Norwegian Nobel chair: Myanmar’s process against Suu Kyi has low credibility

In 1991, Myanmar’s former leader Aung San Suu Kyi won the Nobel Peace Prize – 30 years later she has been indicted by those she has dedicated her life to fighting. According to the chair of the Norwegian Nobel Committee Berit Reiss-Andersen, Aung San Suu Kyi’s conviction by a Myanmar court is part of a process whereby the country’s military rulers are suppressing the opposition.

“The legal process against Aung San Suu Kyi appears to have low credibility,” Berit Reiss-Andersen said in a statement to Reuters.

On 6 December, Aung San Suu Kyi was sentenced to two years in prison for inciting rebellion and breaking the country’s corona rules. However, the deposed leader risks a total of over 100 years in prison if she is convicted of all 11 charges against her. She will serve two years in detention at an undisclosed location, state TV said.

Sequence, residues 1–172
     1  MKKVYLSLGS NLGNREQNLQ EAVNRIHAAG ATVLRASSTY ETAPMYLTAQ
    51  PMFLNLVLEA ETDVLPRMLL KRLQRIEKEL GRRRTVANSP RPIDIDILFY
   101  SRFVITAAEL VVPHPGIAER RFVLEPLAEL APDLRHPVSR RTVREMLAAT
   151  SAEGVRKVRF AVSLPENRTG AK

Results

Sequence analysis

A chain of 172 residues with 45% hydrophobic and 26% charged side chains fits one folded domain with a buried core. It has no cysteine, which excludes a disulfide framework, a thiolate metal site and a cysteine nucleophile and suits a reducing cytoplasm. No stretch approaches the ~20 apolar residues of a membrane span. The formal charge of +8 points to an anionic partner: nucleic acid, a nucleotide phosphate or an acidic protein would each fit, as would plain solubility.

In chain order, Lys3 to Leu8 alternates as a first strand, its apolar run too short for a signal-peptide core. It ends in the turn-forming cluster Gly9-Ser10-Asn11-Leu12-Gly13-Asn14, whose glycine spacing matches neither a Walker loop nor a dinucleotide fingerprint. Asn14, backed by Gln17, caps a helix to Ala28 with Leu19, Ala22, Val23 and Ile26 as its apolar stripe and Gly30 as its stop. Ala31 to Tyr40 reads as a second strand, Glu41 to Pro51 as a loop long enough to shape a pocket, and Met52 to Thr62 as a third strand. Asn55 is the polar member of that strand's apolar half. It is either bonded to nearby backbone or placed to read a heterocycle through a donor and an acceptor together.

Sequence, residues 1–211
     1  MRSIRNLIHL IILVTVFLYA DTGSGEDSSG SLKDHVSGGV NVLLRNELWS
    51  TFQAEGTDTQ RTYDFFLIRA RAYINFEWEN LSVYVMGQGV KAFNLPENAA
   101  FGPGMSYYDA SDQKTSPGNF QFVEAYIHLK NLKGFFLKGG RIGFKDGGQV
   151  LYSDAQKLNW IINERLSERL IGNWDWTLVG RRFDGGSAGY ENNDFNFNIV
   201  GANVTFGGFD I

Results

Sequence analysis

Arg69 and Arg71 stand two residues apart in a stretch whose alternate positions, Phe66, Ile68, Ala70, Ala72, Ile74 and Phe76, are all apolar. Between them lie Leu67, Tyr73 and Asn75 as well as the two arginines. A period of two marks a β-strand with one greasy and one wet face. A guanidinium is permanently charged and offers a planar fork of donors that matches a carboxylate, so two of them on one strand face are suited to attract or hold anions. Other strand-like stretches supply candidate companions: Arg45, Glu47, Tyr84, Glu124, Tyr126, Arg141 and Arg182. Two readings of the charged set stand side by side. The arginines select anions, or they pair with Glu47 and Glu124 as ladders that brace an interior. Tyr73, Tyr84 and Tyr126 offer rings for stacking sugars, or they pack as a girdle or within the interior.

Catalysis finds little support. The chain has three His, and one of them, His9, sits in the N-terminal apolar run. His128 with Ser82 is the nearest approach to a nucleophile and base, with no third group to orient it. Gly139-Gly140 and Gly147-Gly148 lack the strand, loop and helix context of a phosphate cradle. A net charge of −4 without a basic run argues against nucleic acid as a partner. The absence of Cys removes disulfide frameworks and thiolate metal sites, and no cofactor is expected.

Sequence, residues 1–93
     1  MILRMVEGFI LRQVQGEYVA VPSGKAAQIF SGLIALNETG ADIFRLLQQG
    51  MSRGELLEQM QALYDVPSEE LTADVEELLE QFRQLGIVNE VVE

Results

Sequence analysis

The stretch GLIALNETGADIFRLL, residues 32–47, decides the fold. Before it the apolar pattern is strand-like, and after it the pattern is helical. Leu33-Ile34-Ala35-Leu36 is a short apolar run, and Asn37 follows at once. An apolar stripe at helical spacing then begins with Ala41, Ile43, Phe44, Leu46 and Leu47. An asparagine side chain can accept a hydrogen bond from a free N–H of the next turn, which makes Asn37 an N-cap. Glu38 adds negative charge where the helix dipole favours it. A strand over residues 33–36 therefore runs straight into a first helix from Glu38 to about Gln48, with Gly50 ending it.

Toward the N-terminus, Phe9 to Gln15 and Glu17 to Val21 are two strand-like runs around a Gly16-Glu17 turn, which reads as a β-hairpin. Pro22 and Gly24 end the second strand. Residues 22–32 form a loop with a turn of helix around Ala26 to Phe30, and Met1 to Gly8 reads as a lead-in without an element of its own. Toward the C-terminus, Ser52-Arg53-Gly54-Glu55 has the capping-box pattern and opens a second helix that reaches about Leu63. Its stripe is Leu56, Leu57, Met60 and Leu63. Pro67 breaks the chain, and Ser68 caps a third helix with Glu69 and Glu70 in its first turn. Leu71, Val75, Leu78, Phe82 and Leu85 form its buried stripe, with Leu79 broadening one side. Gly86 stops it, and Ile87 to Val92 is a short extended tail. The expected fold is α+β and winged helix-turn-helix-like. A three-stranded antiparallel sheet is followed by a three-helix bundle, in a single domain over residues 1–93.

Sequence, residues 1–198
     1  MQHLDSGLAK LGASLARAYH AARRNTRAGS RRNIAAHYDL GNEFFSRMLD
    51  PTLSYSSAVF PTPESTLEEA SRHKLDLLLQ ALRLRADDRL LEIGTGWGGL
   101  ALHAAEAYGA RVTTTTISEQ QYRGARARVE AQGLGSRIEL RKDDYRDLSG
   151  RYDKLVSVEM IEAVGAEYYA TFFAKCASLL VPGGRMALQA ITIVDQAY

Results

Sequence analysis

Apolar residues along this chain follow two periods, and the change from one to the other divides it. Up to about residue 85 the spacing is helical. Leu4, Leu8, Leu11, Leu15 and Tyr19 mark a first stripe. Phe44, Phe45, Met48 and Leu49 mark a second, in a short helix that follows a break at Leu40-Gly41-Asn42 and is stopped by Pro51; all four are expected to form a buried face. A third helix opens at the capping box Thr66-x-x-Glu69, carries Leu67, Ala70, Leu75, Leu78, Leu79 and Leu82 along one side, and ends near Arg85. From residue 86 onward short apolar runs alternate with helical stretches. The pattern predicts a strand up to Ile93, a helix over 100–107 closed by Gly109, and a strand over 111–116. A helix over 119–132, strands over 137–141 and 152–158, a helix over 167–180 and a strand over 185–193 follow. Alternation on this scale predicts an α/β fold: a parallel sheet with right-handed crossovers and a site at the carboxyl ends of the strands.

Aung San Suu Kyi was awarded the Nobel Peace Prize in 1991 while she was under house arrest in recognition of her non-violent struggle for democracy and human rights. Following the Myanmar military coup in February this year, she was arrested again. 

“Aung San Suu Kyi has dedicated her life to the fight for freedom and democracy in Myanmar and has faced this demanding situation for more than 30 years,” Reiss-Andersen said.

“The Nobel committee is worried by what her imprisonment will mean for the future of democracy in Myanmar. It is also concerned with the strains a long prison term could impose on Aung San Suu Kyi personally,” she added.

Source: Perth Now

About Gregers Møller

Editor-in-Chief • ScandAsia Publishing Co., Ltd. • Bangkok, Thailand

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